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The People's Firehouse

When an air raid siren went off at Engine Company 212 on Thanksgiving Day 1975, alarmed residents poured into the streets of Williamsburg, Brooklyn to find out what was going on. Paul Veneski recalls how their confusion turned to anger after a firefighter showed up to explain. A group of city officials had just arrived at the local firehouse unannounced. They had come to shut down Engine Company 212.

Photo of people in front of truck
The People's Firehouse
Within hours three hundred angry residents had gathered in front of the Williamsburg Engine Company to block the city from removing the fire truck. That night a handful of protestors packed their bags and moved in to the two-story firehouse at 136 Wythe Avenue, refusing to leave until the city agreed to keep the Engine Company open. Many stayed for the next sixteen months, prompting a journalist to dub 212 "the People's Firehouse."

The city finally relented in 1977 and the firehouse survived. But today plans are being floated to close Engine Company 212 again, and a handful of veterans from the 1970s fight say they're ready to move back in.

Photo of Felix Rohatyn
Felix Rohatyn, Investment Banker: "Now, whether this firehouse or this other service is to be cut that's a decision really ultimately that the city management and the mayor have to make."
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There are similarities between the first time the city attempted to close the firehouse and the current threat to the Williamsburg Engine Company. With New York on the verge of bankruptcy, in November 1975 Mayor Abraham Beame was cobbling together a $200 million package of cuts to present to the Emergency Financial Control Board, which had taken control of the city's finances. The attempt to close Engine Company 212 was a desperate measure intended to keep New York fiscally afloat.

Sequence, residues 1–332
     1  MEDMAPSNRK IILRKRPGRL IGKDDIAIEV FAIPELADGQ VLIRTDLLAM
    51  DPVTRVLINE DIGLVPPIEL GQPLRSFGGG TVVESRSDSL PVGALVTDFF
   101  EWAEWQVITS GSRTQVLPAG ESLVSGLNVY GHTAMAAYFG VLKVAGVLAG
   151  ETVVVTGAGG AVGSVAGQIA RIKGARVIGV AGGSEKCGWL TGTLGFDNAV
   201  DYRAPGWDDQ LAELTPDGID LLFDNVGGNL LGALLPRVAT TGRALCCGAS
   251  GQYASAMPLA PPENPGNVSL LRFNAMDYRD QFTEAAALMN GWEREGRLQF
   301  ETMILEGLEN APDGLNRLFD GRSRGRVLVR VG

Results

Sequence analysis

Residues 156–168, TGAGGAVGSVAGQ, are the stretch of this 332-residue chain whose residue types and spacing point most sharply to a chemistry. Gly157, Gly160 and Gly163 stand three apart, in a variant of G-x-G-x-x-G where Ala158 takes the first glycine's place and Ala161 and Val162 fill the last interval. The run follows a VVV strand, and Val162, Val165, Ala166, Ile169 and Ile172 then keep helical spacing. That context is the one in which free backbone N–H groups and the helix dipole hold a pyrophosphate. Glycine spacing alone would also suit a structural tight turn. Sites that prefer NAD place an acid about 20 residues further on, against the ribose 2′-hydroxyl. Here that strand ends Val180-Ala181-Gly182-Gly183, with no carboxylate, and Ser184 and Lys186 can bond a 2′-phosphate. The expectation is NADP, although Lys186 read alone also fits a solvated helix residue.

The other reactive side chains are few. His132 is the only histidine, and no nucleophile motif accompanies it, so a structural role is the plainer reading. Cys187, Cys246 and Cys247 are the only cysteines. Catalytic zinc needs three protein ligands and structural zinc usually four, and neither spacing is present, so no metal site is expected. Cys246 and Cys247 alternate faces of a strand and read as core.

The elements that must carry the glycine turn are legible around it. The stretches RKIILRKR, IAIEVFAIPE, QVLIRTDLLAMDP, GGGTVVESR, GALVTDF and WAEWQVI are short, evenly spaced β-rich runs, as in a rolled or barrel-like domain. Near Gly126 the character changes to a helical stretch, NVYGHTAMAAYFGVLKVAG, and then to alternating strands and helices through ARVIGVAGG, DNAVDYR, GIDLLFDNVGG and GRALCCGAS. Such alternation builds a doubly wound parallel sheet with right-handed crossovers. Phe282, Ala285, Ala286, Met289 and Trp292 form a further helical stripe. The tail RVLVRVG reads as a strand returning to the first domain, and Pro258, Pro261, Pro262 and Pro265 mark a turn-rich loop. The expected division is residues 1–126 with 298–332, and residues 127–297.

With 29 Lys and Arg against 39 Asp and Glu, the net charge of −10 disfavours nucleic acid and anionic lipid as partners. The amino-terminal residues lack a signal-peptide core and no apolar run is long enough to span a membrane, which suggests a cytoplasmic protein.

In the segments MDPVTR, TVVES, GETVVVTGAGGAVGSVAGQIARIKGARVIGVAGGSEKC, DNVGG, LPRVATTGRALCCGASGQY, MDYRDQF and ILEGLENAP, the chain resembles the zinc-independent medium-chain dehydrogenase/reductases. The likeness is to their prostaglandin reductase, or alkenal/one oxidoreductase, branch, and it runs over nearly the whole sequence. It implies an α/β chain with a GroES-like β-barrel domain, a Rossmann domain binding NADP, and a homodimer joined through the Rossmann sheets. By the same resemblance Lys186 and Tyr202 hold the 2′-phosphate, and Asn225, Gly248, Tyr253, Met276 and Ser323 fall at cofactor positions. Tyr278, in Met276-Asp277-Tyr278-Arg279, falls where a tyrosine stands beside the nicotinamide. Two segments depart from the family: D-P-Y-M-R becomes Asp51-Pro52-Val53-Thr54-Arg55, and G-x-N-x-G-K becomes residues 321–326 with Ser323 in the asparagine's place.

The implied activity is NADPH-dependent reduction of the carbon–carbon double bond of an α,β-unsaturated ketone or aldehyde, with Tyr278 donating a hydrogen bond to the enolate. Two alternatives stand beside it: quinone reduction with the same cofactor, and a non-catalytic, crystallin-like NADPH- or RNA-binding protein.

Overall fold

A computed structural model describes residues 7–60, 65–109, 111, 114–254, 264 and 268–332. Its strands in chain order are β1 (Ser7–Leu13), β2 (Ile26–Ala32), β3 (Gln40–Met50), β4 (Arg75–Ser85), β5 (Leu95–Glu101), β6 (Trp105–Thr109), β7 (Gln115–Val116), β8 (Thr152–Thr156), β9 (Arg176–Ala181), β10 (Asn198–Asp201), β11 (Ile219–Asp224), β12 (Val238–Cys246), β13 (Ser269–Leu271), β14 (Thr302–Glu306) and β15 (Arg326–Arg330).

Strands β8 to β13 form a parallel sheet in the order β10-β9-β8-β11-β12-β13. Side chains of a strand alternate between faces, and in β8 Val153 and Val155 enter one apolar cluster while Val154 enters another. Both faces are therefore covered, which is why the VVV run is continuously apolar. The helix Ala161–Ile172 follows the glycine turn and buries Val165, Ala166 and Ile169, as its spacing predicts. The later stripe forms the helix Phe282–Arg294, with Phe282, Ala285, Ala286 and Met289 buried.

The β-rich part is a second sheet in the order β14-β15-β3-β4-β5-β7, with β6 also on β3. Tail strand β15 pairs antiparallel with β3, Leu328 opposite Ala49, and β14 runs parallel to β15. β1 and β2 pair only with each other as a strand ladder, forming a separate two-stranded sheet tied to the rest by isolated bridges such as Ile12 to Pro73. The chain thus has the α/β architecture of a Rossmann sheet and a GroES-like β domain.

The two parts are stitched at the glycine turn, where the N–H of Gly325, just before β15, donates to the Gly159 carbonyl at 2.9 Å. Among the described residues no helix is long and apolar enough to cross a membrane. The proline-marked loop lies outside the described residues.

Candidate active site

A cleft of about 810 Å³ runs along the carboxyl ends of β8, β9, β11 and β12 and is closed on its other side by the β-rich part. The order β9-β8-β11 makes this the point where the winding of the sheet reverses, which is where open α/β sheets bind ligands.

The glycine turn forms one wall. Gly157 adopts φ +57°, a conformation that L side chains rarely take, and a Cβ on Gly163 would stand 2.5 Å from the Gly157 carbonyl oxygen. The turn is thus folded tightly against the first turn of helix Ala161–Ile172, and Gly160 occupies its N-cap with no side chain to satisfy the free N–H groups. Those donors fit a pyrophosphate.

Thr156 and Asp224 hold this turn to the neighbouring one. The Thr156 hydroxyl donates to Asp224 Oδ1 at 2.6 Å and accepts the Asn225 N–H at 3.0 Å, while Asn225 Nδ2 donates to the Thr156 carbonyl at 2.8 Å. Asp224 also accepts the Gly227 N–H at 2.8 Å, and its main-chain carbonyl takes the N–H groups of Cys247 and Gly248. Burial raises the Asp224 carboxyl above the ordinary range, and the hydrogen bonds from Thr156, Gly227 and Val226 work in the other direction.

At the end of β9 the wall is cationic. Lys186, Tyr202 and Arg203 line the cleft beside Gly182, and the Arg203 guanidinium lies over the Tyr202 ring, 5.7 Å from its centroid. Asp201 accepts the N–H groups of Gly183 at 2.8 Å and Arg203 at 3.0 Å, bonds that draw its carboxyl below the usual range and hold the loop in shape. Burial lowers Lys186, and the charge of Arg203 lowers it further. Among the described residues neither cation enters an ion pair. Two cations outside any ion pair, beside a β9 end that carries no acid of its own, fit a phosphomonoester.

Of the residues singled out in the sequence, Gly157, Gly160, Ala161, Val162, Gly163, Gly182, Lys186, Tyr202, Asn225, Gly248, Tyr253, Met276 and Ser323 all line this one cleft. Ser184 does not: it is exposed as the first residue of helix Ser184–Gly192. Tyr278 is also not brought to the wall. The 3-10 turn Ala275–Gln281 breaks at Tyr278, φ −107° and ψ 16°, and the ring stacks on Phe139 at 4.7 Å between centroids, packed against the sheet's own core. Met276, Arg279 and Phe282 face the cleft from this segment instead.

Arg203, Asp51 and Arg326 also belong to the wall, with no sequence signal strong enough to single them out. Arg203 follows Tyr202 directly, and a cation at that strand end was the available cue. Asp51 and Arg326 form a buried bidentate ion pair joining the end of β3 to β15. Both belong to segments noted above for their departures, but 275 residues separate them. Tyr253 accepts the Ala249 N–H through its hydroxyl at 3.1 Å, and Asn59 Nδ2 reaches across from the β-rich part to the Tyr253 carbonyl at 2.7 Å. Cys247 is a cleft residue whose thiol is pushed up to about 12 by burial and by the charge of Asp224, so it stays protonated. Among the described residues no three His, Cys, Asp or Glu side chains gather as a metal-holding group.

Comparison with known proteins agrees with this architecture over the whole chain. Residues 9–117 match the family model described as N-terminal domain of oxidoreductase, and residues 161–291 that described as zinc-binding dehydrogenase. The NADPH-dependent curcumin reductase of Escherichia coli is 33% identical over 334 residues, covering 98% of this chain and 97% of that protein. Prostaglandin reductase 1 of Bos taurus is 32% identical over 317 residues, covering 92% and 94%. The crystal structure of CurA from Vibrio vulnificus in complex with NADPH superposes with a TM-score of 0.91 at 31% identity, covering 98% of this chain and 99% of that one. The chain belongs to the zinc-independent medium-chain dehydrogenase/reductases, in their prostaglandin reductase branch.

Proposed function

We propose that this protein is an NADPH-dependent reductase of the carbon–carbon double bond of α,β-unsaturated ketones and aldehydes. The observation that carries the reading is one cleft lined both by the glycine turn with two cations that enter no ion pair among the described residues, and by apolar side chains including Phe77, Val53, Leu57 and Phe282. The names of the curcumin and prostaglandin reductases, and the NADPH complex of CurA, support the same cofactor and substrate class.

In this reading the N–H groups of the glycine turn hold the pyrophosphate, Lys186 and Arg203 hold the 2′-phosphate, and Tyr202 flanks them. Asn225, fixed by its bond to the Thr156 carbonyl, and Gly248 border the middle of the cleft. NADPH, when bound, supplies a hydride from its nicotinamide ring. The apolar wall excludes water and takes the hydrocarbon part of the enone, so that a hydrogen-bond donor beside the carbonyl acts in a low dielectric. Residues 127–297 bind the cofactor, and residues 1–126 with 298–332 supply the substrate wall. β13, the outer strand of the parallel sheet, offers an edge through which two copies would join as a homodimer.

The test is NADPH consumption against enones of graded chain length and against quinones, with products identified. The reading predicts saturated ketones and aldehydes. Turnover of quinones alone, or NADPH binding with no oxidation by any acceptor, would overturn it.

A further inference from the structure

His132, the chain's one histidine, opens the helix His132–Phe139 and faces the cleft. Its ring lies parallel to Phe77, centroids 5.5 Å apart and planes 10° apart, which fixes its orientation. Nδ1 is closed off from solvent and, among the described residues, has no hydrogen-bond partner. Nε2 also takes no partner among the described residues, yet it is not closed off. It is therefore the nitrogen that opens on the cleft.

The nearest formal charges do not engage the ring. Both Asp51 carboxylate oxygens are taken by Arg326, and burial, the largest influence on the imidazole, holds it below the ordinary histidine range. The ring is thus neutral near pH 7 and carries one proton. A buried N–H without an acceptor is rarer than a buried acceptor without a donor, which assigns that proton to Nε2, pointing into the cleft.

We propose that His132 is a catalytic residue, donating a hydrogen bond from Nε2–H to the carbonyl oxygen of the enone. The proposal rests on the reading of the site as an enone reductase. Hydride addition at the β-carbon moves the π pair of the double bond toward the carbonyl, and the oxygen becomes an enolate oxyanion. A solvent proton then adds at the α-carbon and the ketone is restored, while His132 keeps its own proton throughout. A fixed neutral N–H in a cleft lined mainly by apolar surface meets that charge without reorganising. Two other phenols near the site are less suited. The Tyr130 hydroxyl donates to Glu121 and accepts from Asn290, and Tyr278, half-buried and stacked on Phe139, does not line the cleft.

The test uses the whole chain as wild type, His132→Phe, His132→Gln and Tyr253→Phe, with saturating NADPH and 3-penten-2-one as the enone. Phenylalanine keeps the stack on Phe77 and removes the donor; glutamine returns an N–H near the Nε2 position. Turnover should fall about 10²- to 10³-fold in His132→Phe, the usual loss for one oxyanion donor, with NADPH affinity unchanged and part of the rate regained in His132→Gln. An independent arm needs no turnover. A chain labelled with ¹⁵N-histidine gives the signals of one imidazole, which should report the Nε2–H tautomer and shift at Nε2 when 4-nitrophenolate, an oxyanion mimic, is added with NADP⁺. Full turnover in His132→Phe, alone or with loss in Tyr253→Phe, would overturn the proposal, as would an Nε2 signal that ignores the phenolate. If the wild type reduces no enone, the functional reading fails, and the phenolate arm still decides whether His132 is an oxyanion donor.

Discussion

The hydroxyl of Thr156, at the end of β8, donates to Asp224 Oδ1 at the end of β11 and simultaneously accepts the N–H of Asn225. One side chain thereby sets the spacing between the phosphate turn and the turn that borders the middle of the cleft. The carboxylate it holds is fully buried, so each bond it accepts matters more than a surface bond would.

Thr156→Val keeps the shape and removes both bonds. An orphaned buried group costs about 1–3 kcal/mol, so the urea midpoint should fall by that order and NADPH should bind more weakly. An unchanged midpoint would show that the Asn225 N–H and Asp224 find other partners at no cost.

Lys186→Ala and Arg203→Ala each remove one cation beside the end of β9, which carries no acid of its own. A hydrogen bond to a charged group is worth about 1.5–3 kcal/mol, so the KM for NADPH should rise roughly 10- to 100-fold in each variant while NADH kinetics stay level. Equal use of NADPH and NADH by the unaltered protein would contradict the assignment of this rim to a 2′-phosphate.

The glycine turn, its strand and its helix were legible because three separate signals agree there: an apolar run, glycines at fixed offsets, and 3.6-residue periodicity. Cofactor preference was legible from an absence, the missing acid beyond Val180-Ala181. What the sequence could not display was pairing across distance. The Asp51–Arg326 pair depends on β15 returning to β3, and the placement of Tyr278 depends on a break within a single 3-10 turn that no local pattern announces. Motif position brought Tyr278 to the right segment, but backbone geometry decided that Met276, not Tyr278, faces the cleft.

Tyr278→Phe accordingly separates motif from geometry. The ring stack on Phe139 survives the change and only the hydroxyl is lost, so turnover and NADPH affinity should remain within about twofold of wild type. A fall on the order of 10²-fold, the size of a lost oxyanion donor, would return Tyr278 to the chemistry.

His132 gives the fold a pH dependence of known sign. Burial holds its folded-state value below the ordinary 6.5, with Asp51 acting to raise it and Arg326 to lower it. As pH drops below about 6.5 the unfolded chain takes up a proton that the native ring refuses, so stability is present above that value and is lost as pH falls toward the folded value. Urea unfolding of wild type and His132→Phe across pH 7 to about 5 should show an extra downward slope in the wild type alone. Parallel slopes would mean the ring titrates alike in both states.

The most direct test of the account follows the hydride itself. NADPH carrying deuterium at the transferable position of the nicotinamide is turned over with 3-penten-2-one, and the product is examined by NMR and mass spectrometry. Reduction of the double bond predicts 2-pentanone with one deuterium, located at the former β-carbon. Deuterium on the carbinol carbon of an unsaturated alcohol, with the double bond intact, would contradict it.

Today New York is facing another financial crisis, which in dollar terms looks worse than it did in 1975. Felix Rohatyn thinks the situation is so dire that it would be "unrealistic" not to expect drastic service cuts. The investment banker who earned the title "Felix the Fixer" for his role in helping guide the city through the last fiscal crisis thinks that firehouse closings might be necessary. Drastic cuts combined with tax increases will be the only way for the city to balance its budget next fiscal year. "So far" he points out, "the Mayor's plans have actually been heavier on tax increases."

Photo of Steve Malanga
Steve Malanga, The Manhattan Institute: "Every time the city gets -- has a budget problem, people talk about closing firehouses, it's actually a political move."
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Steve Malanga, a Senior Fellow at the Manhattan Institute, thinks the Bloomberg administration is threatening to close firehouses to send a message to New Yorkers that if they don't accept more tax hikes, basic services will be cut. This false tradeoff only distracts New Yorkers from the need to cut an oversized city labor force and wasteful spending programs that drain resources from the private sector. "If this city can't provide basic fire and police protection with a $42 billion budget, then there's something wrong with its spending priorities."

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